of the frame.
Every action of your life touches on some chord that will vibrate in eternity.
Edwin Hubbell Chapin
A hike in the mountains with me isn’t for the faint of heart because rarely is reaching the summit important, and the person that can come with me and take pleasure as well in the findings along the way is a true gem.
The woods are full of stories. Stories of rebirth, life and death struggles, hope and renewal. We found these scars encircling this tree scraping higher and higher. All around were other trees burned, some to charcoal, others merely kissed by flames.
Black bear we figured. We like to think he survived the fire of 2017 but can only imagine how many animals did not.
I had a recent review of a group of five photographs done by an industry professional whose words struck a chord with me. He referenced a serenity and poetic quality in my work and spoke of how most offered elements that existed outside of the frame.
I’m still thinking about those words and how to dig deeper, not just when I have my camera in hand but every day for it’s not just in the image where elements exist outside of the frame.
Something to think about as this year draws to a close…
Now Autumn’s fire burns slowly along the woods and day by day the dead leaves fall and melt.
Don’t wish for the season to change.
Don’t stay where you’re not happy.
Don’t wait for a better time.
Don’t forget to say I love you.
as a verb.
It is the life of the crystal, the architect of the flake, the fire of the frost, the soul of the sunbeam.This crisp winter air is full of it.
I watched an inspiring speech by Mathew McConaughey this week, thank you LH for posting it, that talked about being the architects of our own lives. To not do the things that put our souls in jeopardy. To find out who we are not in order to then learn who we are.
Timing…sometimes that’s the critical element that allows a message to really sink in and for me the timing was right to hear words about simplifying my life.
Every time I pick up a camera I choose very deliberately what will be within that framework so why then is it so difficult to use that same process in life?
We are each as individual as the snowflake pictured above. We each value and follow different paths in search of that which brings happiness and contentment. If we were to compare those snapshots of our lives each would look entirely different.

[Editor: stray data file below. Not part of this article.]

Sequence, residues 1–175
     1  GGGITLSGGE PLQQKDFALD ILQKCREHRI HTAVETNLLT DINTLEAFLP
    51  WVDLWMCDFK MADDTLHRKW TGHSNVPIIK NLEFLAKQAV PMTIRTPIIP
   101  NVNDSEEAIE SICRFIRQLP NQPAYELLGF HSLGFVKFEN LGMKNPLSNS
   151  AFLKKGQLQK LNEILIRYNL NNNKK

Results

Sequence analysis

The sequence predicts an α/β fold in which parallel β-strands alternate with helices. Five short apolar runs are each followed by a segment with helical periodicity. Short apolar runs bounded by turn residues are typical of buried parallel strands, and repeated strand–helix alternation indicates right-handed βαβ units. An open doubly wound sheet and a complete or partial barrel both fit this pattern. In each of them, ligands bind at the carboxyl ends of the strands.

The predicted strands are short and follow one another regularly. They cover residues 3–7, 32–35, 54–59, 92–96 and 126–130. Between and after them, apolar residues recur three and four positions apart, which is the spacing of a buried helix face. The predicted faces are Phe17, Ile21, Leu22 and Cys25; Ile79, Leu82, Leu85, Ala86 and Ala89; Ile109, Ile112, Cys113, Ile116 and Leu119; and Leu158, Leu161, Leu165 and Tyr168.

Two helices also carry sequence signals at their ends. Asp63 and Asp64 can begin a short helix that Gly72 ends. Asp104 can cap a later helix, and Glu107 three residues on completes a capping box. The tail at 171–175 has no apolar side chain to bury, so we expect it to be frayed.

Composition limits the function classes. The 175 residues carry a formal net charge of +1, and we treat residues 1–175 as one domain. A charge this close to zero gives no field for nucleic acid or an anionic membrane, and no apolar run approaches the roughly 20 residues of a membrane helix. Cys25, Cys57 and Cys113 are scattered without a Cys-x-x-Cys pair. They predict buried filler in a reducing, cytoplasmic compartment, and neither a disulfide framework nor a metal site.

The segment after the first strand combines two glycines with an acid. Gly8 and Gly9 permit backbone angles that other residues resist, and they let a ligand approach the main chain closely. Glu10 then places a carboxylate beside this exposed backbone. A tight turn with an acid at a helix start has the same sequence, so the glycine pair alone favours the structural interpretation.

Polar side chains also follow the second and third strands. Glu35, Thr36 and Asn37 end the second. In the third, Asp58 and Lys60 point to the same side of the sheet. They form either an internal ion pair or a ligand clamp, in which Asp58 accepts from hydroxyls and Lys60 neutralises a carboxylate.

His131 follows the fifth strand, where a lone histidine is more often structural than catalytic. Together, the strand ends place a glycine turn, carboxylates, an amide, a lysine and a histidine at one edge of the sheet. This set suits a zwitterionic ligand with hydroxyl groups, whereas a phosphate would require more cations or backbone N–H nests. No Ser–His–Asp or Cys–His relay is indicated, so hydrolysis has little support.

Following along the lines of last week’s blog post of a self-portrait, I am going to spend more time treating my life as a photograph, carefully framing its elements, removing those that no longer suit, and filling it with those things that feed my soul.
Architect as a verb…that works for me.
a self portrait.
Photography is an austere and blazing poetry of the real.
I’ve been playing around with portraits lately, you know, part of that exercise to do those things that you’re the least comfortable with. Replacing fear with confidence allows you to make choices that aren’t predicated around a feeling that you could fail.
When your life has gone through a complete upheaval the tendency is to analyze every choice that you made and to find reasons why you made the choices that you did.
I think that it’s a necessary part of recovery but there also comes a time to let those things go and take a good long look in the mirror. I’ve found through chance encounters that my story is not all that unique and with that discovery comes a sense of relief. I am grateful to those women who have shared their stories with me.
The photo above is about looking in that mirror. It is a self portrait of where I am right now in this moment.
Every so often in nature, with jaw dropping vistas a far as the eye can see, you encounter a tiny intimate landscape that just speaks to you on a whole different level.
This was one of those defining moments.
And how unusual…
It’s almost always about the water.
just because we say it’s so?
Before the people at large, and for that matter, the artists themselves, understand what photography really means, as I understand that term, it is essential for them to be taught the real meaning of art.